RadioShack officially opened its doors at the Giftland Mall on Friday, despite filing again for bankruptcy in the United States in March, but its franchise holder assured that Guyana is not affected by that.
Clyde de Haas, Managing Director of Unicomer group, which consists of Courts, Lucky Dollar and Courts Optical, said it was bringing RadioShack, another recognized brand to Guyana to strengthen its portfolio.
In 2015, Regal Forest Holdings (RFH), the parent company for the Unicomer Group, acquired the RadioShack brand and franchising rights for Central America, South America and the Caribbean.
At an opening ceremony, de Haas stated that the US electronics chain, which was established 90 years ago in the US, is a brand that represents quality and durability.
Unfortunately though, due to competition in the US, the company is scaling down business there.
He however, said that operations in the Caribbean, Central and South America are not affected by anything that is happening in the US. He said that Radio Shack is a very strong brand that is needed in Guyana.
In March this year, RadioShack filed for bankruptcy in the US, the second time in two years, and closed about 200 stores and was evaluating options on the remaining 1,300.
De Haas said the Unicomer Group recently opened up three similar RadioShack stores in Trinidad and Barbados and was “very proud to bring the international brand to Guyana because it is helping to change the landscape.”
The store carries a wide assortment of the originally branded technological gadgets, such as sound systems, backpacks, power packs, headphones, cameras, notebook computers, and blue tooth speakers.
RadioShack representatives visited and spent one week training staff and helping to set up the store, which is located in the bottom flat of the mall opposite A. Ally & Sons General Store, where the RCA electronics store was housed.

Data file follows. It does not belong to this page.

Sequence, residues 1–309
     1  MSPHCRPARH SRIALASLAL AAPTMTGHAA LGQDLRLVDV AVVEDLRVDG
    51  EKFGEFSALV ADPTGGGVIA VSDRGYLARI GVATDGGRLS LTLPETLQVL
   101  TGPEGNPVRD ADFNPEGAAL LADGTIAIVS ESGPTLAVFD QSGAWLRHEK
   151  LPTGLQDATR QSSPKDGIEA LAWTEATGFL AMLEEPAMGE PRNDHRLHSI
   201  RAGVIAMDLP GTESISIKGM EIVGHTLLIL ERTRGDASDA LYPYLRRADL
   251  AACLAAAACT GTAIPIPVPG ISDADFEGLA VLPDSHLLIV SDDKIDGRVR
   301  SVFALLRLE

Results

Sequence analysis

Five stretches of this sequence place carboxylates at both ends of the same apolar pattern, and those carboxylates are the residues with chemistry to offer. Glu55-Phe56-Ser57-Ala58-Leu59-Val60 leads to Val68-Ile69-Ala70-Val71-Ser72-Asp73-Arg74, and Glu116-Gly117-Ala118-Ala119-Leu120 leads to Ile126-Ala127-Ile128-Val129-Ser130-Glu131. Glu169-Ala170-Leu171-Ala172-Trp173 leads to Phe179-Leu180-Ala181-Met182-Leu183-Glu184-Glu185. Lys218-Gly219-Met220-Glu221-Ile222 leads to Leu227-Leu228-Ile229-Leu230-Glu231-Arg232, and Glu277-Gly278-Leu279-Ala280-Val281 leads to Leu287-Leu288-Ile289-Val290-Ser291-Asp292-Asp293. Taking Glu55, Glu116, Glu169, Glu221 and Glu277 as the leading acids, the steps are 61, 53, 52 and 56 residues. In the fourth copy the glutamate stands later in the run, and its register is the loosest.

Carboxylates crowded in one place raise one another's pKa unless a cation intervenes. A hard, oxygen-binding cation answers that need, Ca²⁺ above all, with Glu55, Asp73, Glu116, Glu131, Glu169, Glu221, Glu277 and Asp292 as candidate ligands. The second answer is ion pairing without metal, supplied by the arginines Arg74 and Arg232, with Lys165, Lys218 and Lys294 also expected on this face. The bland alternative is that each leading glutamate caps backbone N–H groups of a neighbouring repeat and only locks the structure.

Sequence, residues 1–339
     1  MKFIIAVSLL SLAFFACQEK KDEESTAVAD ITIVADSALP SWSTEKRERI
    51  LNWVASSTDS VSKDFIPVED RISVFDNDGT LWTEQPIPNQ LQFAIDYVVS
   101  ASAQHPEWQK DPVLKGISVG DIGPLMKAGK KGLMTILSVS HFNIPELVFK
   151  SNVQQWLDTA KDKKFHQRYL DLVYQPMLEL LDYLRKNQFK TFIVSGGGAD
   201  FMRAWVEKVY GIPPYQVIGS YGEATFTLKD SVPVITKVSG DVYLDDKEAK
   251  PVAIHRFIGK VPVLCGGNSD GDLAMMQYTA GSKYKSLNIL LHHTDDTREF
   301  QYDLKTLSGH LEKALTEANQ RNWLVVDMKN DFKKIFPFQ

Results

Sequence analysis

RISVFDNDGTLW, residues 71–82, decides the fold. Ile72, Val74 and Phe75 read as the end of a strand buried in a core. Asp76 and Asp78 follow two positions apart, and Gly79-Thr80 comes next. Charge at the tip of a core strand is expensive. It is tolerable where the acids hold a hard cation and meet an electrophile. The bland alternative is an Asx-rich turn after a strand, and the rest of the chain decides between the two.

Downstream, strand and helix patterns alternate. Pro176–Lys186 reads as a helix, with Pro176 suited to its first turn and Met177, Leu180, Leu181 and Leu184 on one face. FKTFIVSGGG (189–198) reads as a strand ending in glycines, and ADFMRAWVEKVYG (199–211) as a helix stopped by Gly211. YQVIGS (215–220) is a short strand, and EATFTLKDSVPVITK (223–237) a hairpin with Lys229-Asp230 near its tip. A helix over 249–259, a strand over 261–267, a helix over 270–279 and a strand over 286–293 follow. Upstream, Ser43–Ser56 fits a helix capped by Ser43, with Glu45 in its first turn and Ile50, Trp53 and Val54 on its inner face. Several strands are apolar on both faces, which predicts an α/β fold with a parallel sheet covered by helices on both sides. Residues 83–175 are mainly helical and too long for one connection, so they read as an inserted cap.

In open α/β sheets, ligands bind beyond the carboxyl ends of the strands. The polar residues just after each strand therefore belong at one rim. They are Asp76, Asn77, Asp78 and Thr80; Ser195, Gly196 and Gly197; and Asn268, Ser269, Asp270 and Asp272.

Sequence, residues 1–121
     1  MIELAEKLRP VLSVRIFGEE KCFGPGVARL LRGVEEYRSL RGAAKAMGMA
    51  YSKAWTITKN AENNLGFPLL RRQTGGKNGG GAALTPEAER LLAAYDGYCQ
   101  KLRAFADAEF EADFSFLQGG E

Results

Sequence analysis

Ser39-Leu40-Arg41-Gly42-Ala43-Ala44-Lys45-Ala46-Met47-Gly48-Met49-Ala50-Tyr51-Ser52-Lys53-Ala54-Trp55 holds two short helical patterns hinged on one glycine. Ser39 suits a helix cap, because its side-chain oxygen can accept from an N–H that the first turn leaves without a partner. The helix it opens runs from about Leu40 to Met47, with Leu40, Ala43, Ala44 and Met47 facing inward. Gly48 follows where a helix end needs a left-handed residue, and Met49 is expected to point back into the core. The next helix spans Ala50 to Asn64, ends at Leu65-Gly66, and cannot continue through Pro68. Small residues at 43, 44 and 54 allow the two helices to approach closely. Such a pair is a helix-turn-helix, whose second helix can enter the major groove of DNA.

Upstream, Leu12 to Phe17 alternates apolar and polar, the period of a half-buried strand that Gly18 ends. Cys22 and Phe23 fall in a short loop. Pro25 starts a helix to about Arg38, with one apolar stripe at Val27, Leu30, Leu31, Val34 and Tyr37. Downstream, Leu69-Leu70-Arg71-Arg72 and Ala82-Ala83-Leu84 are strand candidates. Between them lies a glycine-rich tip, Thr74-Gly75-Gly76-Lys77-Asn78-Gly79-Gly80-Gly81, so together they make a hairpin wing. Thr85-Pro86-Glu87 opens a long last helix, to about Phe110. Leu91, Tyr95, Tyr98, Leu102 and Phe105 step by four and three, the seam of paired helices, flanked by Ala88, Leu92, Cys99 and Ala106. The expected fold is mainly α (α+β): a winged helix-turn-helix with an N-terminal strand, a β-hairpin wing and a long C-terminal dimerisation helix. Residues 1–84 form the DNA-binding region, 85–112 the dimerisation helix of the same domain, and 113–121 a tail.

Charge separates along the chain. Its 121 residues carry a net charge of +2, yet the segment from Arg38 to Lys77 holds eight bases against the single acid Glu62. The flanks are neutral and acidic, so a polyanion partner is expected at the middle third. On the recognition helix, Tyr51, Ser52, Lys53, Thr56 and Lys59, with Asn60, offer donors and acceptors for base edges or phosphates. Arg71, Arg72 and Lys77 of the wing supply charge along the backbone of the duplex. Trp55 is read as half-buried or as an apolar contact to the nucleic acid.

In an invited comment, de Haas told Stabroek News: “It was a bold decision for the Unicomer Group to acquire the brand in the face of the development in the US.”
He said it has been “proven in Central America and the Caribbean that this concept and the brand is very much alive. In the US, they are changing their business model to go more online because that is where the competition is.”
He pointed out too that Amazon, one of the largest online shopping websites in the world, and Walmart are putting a lot of pressure on retailers including Sears as well as Macy’s.
He said the Unicomer Group strongly believes that indeed “the economy in Guyana is tough, but the world is not easy. There is no easy wall in business but you have to carve out your position and that is what Unicomer is doing.”
The group has been constantly investing in Guyana for the past 25 years, starting with Courts and is expanding.
Three years ago it invested US$6M in a state-of-the-art distribution centre in Eccles. It has the belief in Guyana and has made it through thick and thin.
Whatever happened in the US is not affecting anything that is happening in Guyana, nor in the Caribbean and South America.
Head of the Georgetown Chamber of Commerce and Industry, Deodat Indar, in his brief remarks, said “a lot of people are speaking about the doom and gloom for Guyana but I want to draw a nexus of a picture of a salmon swimming upstream and that is going against the tide.”
He said Unicomer was doing just that with the opening, in the face of negative national breakdown in trade and consumer spending. He said the company was investing to send a signal that Guyana is a destination for investment, expansion and in the case of Unicomer, for diversification.
He hopes to see an expansion of the initiative in the rest of the country, which de Haas later said may be happening soon.